Of course, the OED requires several independent examples of a word being used over a period of time, so I’m not suggesting that the intransitive verb should get into the Dictionary – but it is an example of Alanis Morissette being at least a little inventive.

Isn’t it ironic… doncha think?

The most discussed reference Alanis Morissette ever made to the sphere of English language is almost certainly the song ‘Ironic’. Comedians still occasionally give her a hard time for not understanding the ways in which irony works – a jab which is perhaps rather unfair. Irony is notoriously difficult to identify, but these are the definitions in the OED:

1) A figure of speech in which the intended meaning is the opposite of that expressed by the words used; usually taking the form of sarcasm or ridicule in which laudatory expressions are used to imply condemnation or contempt.

2) A condition of affairs or events of a character opposite to what was, or might naturally be, expected; a contradictory outcome of events as if in mockery of the promise and fitness of things.

Alanis doesn’t include any instances of the former definition in ‘Ironic’ (although the Shakespearean-inspired song ‘Doth I Protest Too Much’ from So-Called Chaos consists largely of these figures of speech) but there are many examples of the latter. Tempting though it is to quote the entire song, pointing out where Morissette’s lyrics are ironic and where they aren’t, instead I’ll just give one example of each.

“It’s like ten thousand spoons when all you need is a knife.”

Yes, that’s pretty ironic. Such a curious superfluity of spoons is ‘as if in mockery of the fitness of things’, when you’re desperate for a knife. And you might naturally expect, given so much cutlery is about, that at least one item of it would be a knife.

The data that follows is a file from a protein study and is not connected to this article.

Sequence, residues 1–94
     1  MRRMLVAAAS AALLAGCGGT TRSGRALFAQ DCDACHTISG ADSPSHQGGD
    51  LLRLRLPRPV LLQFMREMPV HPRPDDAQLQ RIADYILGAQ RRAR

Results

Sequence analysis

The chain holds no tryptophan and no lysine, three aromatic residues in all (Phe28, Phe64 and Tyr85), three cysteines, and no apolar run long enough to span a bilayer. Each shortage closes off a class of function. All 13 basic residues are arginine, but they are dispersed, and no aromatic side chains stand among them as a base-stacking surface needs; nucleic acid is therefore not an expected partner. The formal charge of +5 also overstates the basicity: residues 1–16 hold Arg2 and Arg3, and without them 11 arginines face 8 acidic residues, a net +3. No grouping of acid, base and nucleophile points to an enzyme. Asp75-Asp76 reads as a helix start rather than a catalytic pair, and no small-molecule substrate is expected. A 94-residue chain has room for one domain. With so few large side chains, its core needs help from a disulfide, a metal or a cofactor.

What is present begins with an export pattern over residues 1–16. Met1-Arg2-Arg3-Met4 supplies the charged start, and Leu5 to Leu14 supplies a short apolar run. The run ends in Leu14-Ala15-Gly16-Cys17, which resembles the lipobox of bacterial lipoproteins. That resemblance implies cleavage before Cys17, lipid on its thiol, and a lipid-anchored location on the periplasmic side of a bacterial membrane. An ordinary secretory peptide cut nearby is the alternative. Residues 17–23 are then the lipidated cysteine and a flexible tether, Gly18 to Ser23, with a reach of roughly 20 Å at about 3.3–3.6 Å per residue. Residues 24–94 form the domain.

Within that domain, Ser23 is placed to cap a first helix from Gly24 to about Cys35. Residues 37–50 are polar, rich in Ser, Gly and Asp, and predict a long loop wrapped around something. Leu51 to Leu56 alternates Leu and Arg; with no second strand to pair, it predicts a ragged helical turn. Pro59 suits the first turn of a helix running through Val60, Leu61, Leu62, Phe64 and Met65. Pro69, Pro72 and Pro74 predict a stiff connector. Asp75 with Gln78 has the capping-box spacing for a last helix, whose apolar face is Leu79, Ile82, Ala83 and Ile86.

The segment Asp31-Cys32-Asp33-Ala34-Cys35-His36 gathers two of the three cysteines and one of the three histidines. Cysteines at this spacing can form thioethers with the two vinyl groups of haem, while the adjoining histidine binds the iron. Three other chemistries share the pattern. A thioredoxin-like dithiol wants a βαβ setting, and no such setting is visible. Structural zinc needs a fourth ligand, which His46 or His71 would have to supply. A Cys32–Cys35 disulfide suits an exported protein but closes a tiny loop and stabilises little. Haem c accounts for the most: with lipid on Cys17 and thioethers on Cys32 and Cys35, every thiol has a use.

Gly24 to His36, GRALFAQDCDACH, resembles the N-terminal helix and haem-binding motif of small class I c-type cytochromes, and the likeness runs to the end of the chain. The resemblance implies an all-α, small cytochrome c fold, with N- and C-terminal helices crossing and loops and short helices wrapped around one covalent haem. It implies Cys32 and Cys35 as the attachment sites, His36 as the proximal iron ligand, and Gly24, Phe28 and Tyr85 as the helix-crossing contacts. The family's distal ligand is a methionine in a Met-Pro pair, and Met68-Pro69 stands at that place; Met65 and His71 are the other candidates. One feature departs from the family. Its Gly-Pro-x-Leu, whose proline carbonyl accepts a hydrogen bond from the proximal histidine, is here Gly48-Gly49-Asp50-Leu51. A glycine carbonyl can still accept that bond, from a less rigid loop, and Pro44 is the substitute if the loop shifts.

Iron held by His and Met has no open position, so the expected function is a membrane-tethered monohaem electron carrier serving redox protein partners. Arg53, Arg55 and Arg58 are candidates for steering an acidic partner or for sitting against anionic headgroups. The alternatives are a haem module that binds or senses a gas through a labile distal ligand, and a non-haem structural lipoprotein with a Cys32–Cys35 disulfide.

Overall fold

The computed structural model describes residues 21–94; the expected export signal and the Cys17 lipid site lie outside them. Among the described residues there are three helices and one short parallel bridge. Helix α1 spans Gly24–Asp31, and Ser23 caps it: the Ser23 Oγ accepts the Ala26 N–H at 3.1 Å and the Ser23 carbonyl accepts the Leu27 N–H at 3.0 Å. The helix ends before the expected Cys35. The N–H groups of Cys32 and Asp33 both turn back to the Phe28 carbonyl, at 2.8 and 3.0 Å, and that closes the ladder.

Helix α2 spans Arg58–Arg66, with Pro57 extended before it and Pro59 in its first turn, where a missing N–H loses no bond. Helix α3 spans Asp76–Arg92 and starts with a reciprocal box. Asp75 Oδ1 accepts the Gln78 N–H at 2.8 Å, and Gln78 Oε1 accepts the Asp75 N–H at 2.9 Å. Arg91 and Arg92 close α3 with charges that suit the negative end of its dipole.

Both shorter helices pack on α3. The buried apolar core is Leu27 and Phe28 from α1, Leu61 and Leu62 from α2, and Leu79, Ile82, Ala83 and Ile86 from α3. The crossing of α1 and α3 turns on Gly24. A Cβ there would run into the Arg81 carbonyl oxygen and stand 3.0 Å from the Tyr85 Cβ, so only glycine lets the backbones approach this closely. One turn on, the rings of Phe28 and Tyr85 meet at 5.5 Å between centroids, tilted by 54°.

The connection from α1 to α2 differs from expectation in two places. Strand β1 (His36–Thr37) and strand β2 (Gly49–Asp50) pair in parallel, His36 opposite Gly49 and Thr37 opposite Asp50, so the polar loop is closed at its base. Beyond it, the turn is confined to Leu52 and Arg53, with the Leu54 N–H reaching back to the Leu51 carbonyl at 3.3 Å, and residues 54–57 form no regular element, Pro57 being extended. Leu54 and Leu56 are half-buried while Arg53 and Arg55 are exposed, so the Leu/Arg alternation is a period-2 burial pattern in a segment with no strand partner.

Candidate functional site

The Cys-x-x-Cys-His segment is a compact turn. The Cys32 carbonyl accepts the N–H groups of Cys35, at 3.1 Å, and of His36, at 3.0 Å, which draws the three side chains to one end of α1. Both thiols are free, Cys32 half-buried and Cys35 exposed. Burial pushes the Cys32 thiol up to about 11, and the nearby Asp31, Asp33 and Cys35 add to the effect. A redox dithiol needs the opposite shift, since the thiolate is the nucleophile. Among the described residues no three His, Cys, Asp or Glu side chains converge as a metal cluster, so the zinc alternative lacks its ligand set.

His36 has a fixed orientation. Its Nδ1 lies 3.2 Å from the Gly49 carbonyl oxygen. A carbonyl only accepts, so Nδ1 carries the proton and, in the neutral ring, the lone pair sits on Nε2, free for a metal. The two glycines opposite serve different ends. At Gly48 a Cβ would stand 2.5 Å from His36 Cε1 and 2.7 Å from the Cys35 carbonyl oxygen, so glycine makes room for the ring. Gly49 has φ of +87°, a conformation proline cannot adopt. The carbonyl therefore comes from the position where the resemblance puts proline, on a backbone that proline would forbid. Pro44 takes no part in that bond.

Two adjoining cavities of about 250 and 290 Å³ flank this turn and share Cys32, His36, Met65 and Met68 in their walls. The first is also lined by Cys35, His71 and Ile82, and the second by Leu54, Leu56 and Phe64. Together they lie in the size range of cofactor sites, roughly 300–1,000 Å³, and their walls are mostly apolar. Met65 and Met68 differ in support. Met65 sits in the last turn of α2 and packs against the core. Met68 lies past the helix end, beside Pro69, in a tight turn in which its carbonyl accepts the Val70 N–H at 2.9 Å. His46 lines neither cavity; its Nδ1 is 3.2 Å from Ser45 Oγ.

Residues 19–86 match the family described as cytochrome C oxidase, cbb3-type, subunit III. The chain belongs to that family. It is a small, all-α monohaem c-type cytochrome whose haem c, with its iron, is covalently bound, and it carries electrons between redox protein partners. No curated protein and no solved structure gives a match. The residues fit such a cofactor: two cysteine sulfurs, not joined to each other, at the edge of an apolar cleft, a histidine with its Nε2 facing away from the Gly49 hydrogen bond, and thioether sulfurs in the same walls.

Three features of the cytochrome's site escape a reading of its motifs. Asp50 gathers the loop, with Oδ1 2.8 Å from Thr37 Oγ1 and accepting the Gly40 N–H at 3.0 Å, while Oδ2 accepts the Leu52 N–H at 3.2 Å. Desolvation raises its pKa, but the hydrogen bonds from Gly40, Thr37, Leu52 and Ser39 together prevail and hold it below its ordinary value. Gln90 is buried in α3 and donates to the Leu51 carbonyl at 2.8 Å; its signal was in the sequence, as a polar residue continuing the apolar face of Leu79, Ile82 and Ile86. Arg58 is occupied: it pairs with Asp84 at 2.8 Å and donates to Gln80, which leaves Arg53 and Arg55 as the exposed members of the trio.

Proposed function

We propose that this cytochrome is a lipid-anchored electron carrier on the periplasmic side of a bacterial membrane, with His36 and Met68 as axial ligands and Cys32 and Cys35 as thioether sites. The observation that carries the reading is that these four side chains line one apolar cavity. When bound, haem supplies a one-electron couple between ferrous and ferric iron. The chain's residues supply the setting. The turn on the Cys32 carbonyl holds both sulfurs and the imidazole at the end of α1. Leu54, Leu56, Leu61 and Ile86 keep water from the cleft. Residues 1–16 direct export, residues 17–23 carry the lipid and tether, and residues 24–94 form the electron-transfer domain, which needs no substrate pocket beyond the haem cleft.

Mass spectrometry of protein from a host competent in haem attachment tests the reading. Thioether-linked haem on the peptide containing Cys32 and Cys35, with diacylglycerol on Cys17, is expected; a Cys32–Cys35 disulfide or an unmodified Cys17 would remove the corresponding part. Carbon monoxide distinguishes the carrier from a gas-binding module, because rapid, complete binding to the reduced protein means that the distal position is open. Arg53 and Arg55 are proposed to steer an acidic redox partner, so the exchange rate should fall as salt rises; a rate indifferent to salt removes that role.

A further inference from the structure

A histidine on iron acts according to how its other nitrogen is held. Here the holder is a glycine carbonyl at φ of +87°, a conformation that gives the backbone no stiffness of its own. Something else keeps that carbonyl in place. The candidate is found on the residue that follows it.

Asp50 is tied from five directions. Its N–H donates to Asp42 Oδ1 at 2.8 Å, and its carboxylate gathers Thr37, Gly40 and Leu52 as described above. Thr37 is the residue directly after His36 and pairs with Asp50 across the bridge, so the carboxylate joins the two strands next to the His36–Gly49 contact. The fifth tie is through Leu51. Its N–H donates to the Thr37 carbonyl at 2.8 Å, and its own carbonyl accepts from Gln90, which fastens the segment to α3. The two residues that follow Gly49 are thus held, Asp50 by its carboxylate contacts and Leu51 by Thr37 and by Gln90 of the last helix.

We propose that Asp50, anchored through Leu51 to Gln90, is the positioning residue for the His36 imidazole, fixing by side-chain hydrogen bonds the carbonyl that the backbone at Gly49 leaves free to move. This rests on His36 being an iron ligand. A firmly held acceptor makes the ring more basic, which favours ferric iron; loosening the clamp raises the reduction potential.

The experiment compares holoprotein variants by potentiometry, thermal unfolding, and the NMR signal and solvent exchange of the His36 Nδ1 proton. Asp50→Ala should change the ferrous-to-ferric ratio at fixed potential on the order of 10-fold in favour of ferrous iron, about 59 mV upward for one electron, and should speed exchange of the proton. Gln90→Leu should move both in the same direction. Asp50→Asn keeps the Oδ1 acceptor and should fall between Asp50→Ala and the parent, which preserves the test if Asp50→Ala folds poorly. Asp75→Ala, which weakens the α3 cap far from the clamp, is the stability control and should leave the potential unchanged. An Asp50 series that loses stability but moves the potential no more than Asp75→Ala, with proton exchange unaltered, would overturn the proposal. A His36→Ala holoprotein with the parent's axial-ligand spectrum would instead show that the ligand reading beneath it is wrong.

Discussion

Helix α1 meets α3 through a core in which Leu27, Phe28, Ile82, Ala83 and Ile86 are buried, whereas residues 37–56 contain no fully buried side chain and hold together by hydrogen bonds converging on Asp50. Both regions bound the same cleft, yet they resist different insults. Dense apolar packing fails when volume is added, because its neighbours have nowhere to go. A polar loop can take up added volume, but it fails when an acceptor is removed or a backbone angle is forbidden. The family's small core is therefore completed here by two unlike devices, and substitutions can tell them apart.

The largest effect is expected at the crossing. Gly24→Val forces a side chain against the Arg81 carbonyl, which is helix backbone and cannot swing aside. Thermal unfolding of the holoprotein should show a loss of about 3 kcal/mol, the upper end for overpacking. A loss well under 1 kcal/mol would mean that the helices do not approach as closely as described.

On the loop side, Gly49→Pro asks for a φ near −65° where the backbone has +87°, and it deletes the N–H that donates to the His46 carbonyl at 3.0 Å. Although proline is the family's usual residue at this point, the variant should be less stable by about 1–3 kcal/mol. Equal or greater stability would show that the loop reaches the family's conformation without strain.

“It’s a black fly in your Chardonnay.”

This one’s just unfortunate, Alanis.

Mishearing Alanis

Finally, although this cannot really be attributed to Alanis Morissette, I should also mention that Jagged Little Pill included a mondegreen for me. A mondegreen is ‘a misunderstood or misinterpreted word or phrase resulting from a mishearing of the lyrics of a song’, and you can read all about them in a previous blog article.

So, what was it that I misheard? You might recall, in ‘You Oughta Know’ (track number two on Jagged Little Pill, and perhaps the angriest song on the record) Alanis sings “It’s not fair to deny me / Of the cross I bear that you gave to me”. As with ‘Unprodigal Daughter’, Alanis is using a Biblical image as a metaphor. You would think I’d have understood that, being a church-going lad. But, no, to my ears she was reprimanding her ex-inamorato with the words “It’s not fair to deny me / Of the cross-eyed bear that you gave to me”’.

If you think about it for a moment, it makes sense – her boyfriend might well have given her a teddy bear as a present, and said bear might well have been optically-challenged. Of course, if you think about for another moment, it doesn’t make much sense at all. Alanis Morissette may have been more experimental with the English language than you might expect, but even she had her limits.